• lower cost
    I am an RN and have seen many people who are abusing the system by using the ER (which is more expensive) as their doctor and women who are living with the father of their childre who has insurance on them but do not tell the nurse unless they are asked use medicaid to pay the bill. Need more investigation into people applying and those that are using it. Also a girl here in town was living with her mother but mother could not afford the extra cost of 3 people so she applied for medicaid but could not get it unless she moved out of her mothers home and got an appartment which medicaid paid for/ really dumb rull as she would have had free rent and only needed to have some help with water and electric if stayed with her mother. Need changes and nurses who see this need to report it to state so investations could be done.
  • food stamp abuse
    I agree,Urine screens Grocery reciepts with food stamp # showing purches at randon Some way to verify food stamps are not sold .50 on the dollar I see this so many times. These familys can do drugs and take food from their childrens mouths?? some how make accountable with proof Even photo id to use Anything to start the misabuse
  • Totally Agree
    K.Tharp-I completely agree with you! There are thousands of people abusing Medicaid, Food Stamps, Government assisted babysitting it is sickening! People who are well able to work but are just too lazy to keep a job so they just lie lie lie and live off of us who bust our butts to make ends meet and still put food on the table with our own hard earned money! Makes me sick. Drug test them, do home visits, if they can buy alcohol and Smoke a pack or two of cigarettes everyday they can damn well get a job and pay for their own food! do a credit check on them, get their bank account records or tax returns, these government funded offices should do some real digging and they wouldn't have to cut those who actually NEED the help and assistance down to where they won't be able to get the care and medical attention they have to have! This world is coming to an end and it's because of the lazy pathetic people who just keep popping out more and more kids so they get more money!!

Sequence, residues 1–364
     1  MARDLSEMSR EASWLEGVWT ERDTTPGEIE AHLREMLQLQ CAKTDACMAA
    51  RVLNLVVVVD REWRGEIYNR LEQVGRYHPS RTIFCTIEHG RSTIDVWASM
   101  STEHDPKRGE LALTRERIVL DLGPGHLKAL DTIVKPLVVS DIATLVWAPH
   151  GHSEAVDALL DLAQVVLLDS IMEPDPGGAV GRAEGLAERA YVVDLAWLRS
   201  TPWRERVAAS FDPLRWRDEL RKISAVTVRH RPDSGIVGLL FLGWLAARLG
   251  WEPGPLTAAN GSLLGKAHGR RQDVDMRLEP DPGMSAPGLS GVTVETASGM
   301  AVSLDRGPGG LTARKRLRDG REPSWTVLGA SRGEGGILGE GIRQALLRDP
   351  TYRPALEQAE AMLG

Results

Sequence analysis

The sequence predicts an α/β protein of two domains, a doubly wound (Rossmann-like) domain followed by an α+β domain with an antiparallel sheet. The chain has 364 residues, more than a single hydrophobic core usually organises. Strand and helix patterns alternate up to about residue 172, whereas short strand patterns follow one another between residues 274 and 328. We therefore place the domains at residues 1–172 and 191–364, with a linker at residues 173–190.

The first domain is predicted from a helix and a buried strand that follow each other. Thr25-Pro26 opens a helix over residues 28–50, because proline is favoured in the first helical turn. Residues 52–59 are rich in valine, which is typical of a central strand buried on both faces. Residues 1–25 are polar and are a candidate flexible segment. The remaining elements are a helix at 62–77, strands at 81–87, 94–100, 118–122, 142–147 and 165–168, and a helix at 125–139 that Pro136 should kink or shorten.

• medicaid needs reform
    I agree whole heartedly with your comments. I am a medically disabled person with a very long work history. I do not have enough money coming in from disability to even pay my bills, let alone food and other essentials. Yet medicaid approves me with a spend down of over $1,000. It's a joke. I need medical and prescription coverage for a spinal cord injury! There seems to be a lot of people that get food stamps and medicaid by lying about their conditions and income. Instead of supplying these case workers with piles of medical justification and nonsufficient income documents, we should just lie. It seems to work well for many whom are perfectly able to work. The problem is they are lazy and have figured out how to fool the system.
  • Medicade abuse/cost
    Medicade is for people and children that really need it. Instead of cutting cost and raising taxes, I believe some people that are receiving Medicade benefits, insurance and food stamps need to be investigated and screened more closely. They should have to take a drug test and show proof that the food stamps are used for their intended purpose. People are drawing medicade and working under the table for money "they can work", also I hear alot of people are selling food stamps for drugs. This is taking advantage of the tax payer's money. Taxpayer's are working hard to make end's meet and getting more taken away from them while some people are just abusing the system.